Among startup businesses, about half survive the first five years. Businesses can fail due to poor business models, lack of capital, outdated technology, or a variety of other reasons.
But businesses can also fail because of the breakdown of personal relationships between co-founders.
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According to Noam Wasserman’s The Founder’s Dilemmas, only 16.1 percent of high-potential startups have a sole founder. The remainder is built either by co-founders or a founding team. Among founding teams, 43 percent are comprised of friends, compared to approximately 25 percent that are comprised of prior co-workers and 11 percent that are comprised of family members.
In the book, Wasserman acknowledges that beginning a company alone is an isolating and lonely process. It is unlikely that a sole person can provide all the social, human, and financial capital needed to fully sustain a project. Co-founders can help share the burden of beginning a start-up, as well as fill talent gaps.
However, there are also disadvantages to having partners—including giving up equity, dividing decision-making control, and having problems related to communication, coordination and incentives.
For co-founders that are friends, the startup is less likely to retain the original team than founding teams that are not based on friendships. This is due, in part, to the likelihood of friend co-founders avoiding “discussing the elephants,” or the problems facing a business. Friends are more likely to avoid conversations that they perceive will be difficult to have, which can lead to greater conflicts that can damage both the relationship and the startup.
In his book Zero to One, entrepreneur and investor Peter Thiel agrees that coordination plays a role in conflict among co-founders.
Thiel notes that “most fights inside a company happen when colleagues compete for the same responsibilities.” This is particularly difficult for startups when “job roles are fluid at the early stages.”
Thiel attempted to solve this problem at PayPal by giving individual employees defined roles and having only one employee responsible for an individual task.
However, this requires strong communication among the founding team: a resource that can be in short supply for startups exploring uncharted territory.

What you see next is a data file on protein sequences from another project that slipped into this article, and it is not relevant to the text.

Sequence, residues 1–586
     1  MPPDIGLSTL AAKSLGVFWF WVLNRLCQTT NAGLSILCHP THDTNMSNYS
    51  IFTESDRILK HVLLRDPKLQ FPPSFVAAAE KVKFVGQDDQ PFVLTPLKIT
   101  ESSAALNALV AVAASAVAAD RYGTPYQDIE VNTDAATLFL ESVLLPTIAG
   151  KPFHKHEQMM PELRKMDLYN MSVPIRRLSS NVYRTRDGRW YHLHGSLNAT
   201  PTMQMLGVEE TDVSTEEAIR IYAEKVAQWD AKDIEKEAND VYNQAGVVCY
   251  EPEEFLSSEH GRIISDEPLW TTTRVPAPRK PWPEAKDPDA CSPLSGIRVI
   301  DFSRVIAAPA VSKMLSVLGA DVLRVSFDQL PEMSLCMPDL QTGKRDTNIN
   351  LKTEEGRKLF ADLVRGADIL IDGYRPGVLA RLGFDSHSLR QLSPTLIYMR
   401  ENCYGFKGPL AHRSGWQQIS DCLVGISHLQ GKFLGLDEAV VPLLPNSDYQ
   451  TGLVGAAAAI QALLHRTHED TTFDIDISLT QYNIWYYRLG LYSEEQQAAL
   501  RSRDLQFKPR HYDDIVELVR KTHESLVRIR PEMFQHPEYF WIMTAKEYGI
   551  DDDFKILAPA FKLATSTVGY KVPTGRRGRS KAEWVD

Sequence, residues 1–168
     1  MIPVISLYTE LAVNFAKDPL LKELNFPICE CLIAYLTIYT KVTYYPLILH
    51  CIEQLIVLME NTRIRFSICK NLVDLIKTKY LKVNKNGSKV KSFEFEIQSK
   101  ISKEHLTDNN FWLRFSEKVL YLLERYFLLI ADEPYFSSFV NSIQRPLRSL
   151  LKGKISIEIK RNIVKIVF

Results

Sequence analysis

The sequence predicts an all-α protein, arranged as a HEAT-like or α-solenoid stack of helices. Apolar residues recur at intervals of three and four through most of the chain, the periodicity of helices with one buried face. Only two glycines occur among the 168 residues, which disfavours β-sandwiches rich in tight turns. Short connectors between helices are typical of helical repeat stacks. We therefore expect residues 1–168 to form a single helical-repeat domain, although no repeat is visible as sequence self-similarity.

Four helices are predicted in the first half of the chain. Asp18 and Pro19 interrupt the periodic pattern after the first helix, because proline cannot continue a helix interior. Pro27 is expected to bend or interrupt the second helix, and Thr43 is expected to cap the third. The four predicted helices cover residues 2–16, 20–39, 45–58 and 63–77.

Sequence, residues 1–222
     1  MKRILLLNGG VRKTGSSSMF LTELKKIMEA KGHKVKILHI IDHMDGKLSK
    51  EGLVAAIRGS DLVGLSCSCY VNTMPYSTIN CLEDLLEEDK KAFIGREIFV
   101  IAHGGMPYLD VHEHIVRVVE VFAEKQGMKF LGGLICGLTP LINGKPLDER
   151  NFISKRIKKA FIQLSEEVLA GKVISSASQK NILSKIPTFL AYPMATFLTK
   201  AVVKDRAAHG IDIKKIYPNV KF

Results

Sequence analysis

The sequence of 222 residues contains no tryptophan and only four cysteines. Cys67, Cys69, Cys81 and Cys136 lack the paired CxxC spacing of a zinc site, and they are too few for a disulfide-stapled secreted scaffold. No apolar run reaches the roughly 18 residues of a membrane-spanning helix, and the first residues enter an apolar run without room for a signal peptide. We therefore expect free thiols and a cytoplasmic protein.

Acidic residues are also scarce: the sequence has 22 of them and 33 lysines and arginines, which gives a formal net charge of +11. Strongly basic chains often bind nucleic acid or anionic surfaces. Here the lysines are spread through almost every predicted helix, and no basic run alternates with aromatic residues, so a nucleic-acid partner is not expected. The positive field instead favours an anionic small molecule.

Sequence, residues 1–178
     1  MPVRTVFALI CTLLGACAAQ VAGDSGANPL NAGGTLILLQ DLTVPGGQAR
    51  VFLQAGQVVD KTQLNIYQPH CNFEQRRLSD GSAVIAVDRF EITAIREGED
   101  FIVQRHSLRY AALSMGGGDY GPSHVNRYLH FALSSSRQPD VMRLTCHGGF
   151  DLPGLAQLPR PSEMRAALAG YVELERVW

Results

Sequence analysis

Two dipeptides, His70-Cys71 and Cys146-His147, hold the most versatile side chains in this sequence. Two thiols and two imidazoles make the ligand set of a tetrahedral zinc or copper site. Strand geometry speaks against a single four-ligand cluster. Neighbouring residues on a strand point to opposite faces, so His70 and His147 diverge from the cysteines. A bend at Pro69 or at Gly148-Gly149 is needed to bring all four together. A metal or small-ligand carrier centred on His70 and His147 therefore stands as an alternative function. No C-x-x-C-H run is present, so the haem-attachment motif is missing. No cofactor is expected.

If co-founder relationships can make or break startups, what can help strengthen the relationships?
Recent reports from The New York Times and National Public Radio examine the potential advantages of couples therapy for startup co-founders. The articles suggest that marriages and startups have a lot of similarities and can often fail for the same reasons—including lack of communication, different desires for the future, and unclear roles and responsibilities
Counseling can provide the space to air grievances, to address perceived slights, and to recommit to each other, the work, and the startup.
The growth of counseling among startups has increased in recent years. For one psychologist in the San Francisco area, “counseling for those working in startups is now so common that he recently visited four young tech entrepreneurs in one day.”
For another psychologist interviewed by NPR, the “number of requests he gets for co-founder counseling has doubled in the last year.” In addition, educational institutions like Stanford Business School offer a course on group therapy, which even features readings about how to make marriages work.
The startup co-founders of Genius.com and Aspire Recruiting have found counseling to prove beneficial in helping maintain the friendships that led them to enter into business together.
In addition, counseling has helped them address their business challenges, and the new resulting business relationships, in a productive way. As one of the co-founders of Aspire Recruiting said to NPR,"I think, overall, it resulted in both of us being more aware as people, and balanced."
Because there are intrinsic problems that will emerge with startup co-founders, counseling can help prevent explosive breakdowns that could irreparably damage the company.
Healthy founder relationships help create healthy companies, which will likely result in a better chance for the company to survive and grow. Startups, especially those with founding teams comprised of friends and family, can benefit from relationship counseling. The counseling can help mitigate the risks, to both personal and professional relationships, associated with beginning a startup.
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Emily Fetsch is a research assistant in Research and Policy for the Ewing Marion Kauffman Foundation, and assists in the processing of new grants including grant research, grant write-ups, setting deadlines, and reviewing financials. She also assists in writing literature reviews and informative briefs, and conducts quantitative and/or qualitative analysis on the economy, policy, and entrepreneurship.